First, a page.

Returning Fire

A Canadian soldier assigned to Princess Patricia’s Canadian Light Infantry returns fire during force-on-force training during Rim of the Pacific (RIMPAC) 2012 July 8, 2012, at Bellow Air Force Station, Hawaii. RIMPAC is a U.S. Pacific Command-hosted biennial multinational maritime exercise designed to foster and sustain international cooperation on the security on the world’s oceans. (DoD photo by Mass Communication Specialist 1st Class Paul Seeber, U.S. Navy/Released)

A Canadian soldier assigned to Princess Patricia’s Canadian Light Infantry returns fire during force-on-force training during Rim of the Pacific (RIMPAC) 2012 July 8, 2012, at Bellow Air Force Station, Hawaii. RIMPAC is a U.S. Pacific Command-hosted biennial multinational maritime exercise designed to foster and sustain international cooperation on the security on the world’s oceans. (DoD photo by Mass Communication Specialist 1st Class Paul Seeber, U.S. Navy/Released)

Comments

  1. Sad to see he has a cool EoTech sight, but is still using the crappy plastic drum on his Minimi. Most US SAW gunners opt for the more user-friendly and smaller soft bags. And I find it fascinating that he is carrying a bayonet despite having nothing to attach it to — not that bayonets don’t make wonderful multi-purpose tools and fighting knives; again most US soldiers won’t bother carrying a bayonet but will make their own personal choice if they want to carry a BFK.

  2. Because the Canadian Army considers it useful to be able to stick sharp things into the enemy when finishing an attack.

    Cheers

  3. Hey there Hawk,
    Unlike you Americans, we Canadians in the military actually are cross-trained on all weapons platforms: ie, a c9 gunner might be a c6 gunner or number 2 on a mortar, or a 2i/c of a section (squad), or an m203 grenadier, or a carl gustav gunner all within the scope of a few days. As such, if someone is thrown into a position last minute (for a reshuffling for various reasons), he might not have his handy-dandy soft pouch on him. Generally, most of the c9 gunners use the soft pouch overseas and if they’re in the position for an extended period of time. This guy might have just been placed in last second.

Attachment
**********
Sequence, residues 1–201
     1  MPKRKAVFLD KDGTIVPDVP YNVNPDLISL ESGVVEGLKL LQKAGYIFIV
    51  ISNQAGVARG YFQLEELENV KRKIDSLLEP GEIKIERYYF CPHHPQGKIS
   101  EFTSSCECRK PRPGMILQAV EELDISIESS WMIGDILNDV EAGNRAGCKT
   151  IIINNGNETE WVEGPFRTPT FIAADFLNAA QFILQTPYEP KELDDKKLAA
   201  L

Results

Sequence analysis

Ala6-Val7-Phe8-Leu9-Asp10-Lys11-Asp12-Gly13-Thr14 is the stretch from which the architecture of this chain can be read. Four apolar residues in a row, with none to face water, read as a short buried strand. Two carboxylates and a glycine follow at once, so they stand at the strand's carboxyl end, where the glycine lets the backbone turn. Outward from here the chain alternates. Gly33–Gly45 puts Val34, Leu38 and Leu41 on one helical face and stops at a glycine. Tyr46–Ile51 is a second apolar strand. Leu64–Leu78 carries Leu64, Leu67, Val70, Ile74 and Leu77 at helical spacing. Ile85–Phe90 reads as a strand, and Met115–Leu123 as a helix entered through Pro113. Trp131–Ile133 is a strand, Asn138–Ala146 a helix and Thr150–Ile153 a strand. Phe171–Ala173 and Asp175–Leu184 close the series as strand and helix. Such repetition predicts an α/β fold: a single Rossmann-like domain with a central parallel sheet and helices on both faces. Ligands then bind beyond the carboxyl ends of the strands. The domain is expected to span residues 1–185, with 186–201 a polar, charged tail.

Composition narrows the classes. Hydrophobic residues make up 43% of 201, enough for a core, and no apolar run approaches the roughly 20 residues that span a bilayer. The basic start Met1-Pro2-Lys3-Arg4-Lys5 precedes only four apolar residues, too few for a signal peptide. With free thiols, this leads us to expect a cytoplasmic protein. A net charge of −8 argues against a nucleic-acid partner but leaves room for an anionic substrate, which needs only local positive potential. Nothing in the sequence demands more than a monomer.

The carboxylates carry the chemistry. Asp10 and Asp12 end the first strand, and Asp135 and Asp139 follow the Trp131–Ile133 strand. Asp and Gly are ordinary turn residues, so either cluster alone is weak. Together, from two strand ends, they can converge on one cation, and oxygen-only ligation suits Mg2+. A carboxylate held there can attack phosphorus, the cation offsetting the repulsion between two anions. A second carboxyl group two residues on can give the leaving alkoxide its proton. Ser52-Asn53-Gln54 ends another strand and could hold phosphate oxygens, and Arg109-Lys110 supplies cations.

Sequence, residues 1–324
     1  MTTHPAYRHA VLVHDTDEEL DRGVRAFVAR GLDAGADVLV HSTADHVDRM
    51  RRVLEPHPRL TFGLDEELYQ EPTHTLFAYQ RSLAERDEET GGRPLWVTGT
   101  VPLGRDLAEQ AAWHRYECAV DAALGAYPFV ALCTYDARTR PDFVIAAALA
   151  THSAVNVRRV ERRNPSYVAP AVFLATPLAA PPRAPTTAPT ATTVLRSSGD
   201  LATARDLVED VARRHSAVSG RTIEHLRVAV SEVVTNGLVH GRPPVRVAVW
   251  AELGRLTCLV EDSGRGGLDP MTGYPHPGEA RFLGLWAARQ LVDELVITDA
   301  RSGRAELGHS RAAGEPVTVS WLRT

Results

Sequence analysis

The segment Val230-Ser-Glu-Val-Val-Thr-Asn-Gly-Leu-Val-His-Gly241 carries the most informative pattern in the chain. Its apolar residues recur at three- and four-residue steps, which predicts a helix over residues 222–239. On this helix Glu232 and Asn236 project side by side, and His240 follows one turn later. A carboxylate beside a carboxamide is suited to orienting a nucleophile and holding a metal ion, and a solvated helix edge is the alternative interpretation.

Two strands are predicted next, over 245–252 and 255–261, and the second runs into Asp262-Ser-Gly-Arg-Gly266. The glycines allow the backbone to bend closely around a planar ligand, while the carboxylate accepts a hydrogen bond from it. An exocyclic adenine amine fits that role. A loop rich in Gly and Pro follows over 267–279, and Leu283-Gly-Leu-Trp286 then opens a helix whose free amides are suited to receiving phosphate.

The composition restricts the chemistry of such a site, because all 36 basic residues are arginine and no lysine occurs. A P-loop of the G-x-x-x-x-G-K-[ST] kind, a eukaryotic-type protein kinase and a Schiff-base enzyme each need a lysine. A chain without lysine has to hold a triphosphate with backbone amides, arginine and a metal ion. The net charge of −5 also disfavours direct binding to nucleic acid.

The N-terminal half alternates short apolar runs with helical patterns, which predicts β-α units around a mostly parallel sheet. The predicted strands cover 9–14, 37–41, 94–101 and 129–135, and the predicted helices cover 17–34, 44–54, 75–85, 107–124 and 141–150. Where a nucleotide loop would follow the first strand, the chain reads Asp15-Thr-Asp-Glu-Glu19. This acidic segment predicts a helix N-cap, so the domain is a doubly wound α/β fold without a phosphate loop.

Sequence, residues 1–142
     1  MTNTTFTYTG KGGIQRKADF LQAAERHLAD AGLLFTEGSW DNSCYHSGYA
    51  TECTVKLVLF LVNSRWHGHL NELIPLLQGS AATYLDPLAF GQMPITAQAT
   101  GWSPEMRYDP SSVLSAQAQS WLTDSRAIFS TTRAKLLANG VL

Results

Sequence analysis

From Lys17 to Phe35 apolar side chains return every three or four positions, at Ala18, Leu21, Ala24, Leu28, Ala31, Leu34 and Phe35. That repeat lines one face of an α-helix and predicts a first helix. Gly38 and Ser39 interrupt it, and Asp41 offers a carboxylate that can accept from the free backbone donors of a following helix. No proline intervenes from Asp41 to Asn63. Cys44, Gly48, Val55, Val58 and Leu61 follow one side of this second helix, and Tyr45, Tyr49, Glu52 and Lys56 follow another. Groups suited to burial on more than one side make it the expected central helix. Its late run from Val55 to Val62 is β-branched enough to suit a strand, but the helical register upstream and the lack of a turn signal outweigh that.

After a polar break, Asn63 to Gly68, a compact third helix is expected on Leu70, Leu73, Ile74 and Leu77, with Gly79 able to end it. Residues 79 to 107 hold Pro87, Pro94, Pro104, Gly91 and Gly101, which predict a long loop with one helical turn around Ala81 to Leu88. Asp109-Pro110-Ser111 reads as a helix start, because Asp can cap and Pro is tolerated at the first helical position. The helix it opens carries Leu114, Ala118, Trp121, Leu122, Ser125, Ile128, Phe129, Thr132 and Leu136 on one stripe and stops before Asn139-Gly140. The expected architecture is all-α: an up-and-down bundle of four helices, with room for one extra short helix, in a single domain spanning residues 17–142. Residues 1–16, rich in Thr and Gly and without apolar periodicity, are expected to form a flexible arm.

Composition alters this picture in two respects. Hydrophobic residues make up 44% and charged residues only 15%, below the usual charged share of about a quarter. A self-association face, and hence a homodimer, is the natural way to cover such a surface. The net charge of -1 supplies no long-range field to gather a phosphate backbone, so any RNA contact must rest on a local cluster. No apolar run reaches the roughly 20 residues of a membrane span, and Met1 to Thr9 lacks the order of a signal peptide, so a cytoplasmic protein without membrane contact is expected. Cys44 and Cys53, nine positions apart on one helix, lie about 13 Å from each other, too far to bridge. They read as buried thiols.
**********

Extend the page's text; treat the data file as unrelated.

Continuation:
The CF is also a lot more strict than the Americans on non-issue kit – we aren’t alloted an allowance to purchase our own gear. Just the way the cookie crumbles. On an int’l exercise, some old dinosaur-type Sgt-Majors might also institute an “only-issue kit” policy. Frustrating, but I’ve had worse ideas come down the chain of command.
    Finally, as per the bayonet – apart from it being bad-ass, it is issued to riflemen for mounting on the C7. Likely, this guy had initially been issued a bayonet when he was a rifleman, and decided he liked the feel of it. It’s not a bad knife. A lot of the guys, myself included, carry a variety of different blades as well.
    Cheers,
    Your friendly Canadian infanteer
    Ducimus

    1. Hey there Hawk,
      Unlike you Americans, we Canadians in the military actually are cross-trained on all weapons platforms: ie, a c9 gunner might be a c6 gunner or number 2 on a mortar, or a 2i/c of a section (squad), or an m203 grenadier, or a carl gustav gunner all within the scope of a few days…

      With the main exception of mortars, which are the purview of MOS 11C (indirect fire infantrymen), MOS 11B (infantrymen) are cross-trained in the weapons you mention. The 11 Charlies probably could be counted as having been trained in all the weapons you mentioned given they receive identical training with the 11 Bravos until they focus on the mortars. I am not sure about the USMC, but would imagine they would be similar.

  4. “And I find it fascinating that he is carrying a bayonet despite having nothing to attach it to”

    Hawk,

    I do believe that’s a sheathed Fairbairn-Sykes Fighting Knife and not a bayonet.

    Probably one of the best hand-to-hand weapons you could ever find.

  5. Toejam,

    It is multipurpose knife, cutter, bayonet type device. If you look closely at the hilt you can see metal loop that goes over the barrel. Regardless of whether or not his weapon that day has a bayonet lug, it is still a useful tool to carry.

  6. You’re right. At 70 my eyes aren’t too good 11 Bravo. Could it be an M-7 for the M-16 Canadian varient or the OKC-3S marine issue? To me it looks too slender to be a 3S.

  7. The M-7 doesn’t have the wire cutter and screw driver device on the scabbard. So it probably isn’t that. It looks similar to the one displayed here which says it is used by Canadian and Dutch Forces.

Comments are closed